Orlando Magic Gives an Assist to the Ronald McDonald House
By John Denton
June 5, 2014
ORLANDO – Her 15-year-old daughter, Taylor, finally comfortable and resting following a busy morning at Florida Hospital, Tracy Narder was able to retreat to the comfort and solitude of the Ronald McDonald House a short shuttle ride away at noon on Thursday.
And to ensure that her break from the hustle and bustle of the hospital was more filling and enjoyable, a dozen staffers from the Orlando Magic were on hand to provide a home-cooked lunch for Narder and the rest of the inhabitants at the Ronald McDonald House.
“In the midst of a horrible experience what the people at the Ronald McDonald House provide is a wonderful experience,” Narder said as her face filled with color and her voice wavered as she fought back tears. “The people at the Ronald McDonald House have helped me so much and I can never thank them enough.”
Tabbed as “the house that love built,” the Ronald McDonald House is a home away from home for parents and families of critically ill children staying at Florida Hospital. The three-story home has 22 rooms with private bathrooms, a dining area, playroom and living room and laundry area. Guests are often given comfort kits (bath towels, hand towels, slippers, candies, gum and sunscreen) and toiletry kits (shampoo, conditioner, lotion, soap, tooth brushes, toothpaste, razors and shaving cream) to provide some of the necessities of home.
Currently, the Ronald McDonald House is home to 37 people who have children getting treatments and care at Florida Hospital. The goal is to reduce some of the stress and relieve a portion of the financial burden that comes with having a family member in the hospital for an extended stay. According to a study recently published in Families, Systems, and Health, a journal of the American Psychological Association, families who stayed at a Ronald McDonald House believe that being nearby helped their child recover and shortened their time in the hospital.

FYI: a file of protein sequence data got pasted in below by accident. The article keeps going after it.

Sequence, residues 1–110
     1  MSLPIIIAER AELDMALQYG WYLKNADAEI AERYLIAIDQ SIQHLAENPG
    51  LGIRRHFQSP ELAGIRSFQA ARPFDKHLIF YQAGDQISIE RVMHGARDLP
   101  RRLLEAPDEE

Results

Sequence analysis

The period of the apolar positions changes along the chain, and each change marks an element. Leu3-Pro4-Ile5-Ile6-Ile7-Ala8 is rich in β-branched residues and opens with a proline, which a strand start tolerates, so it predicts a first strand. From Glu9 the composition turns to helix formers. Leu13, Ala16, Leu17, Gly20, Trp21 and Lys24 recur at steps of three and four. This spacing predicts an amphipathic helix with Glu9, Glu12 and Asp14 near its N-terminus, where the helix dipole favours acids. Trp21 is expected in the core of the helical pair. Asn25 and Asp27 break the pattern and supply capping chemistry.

“By the time that families get to us they are often exhausted in every sense of the word – physically, emotionally and a lot of times financially too depending the diagnosis and the medical bills that are mounting – so it’s huge for them to come over here and have a place that they can stay,” said Meredith Bekemeyer, development manager for Ronald McDonald House Charities of Central Florida. “One of the things that we hear from the families who stay here is that they know their child is getting great care at the hospital and we take care of the families so they can relax. We’ve got a great partnership with what the clinical staffs at the hospital are doing.’’
The Orlando Magic Youth Fund, a McCormick Foundation Fund (OMYF-MFF), has also developed a great partnership with the Ronald McDonald House through the years. The OMYF-MFF donated the supplies for two rooms at the facility – one twin-beds room decked out with black and blue Magic banners and a “Tween Room” for kids that features video games, pictures of Magic teams through the years, a Magic shower curtain and an encased sneaker with the signatures of Magic greats.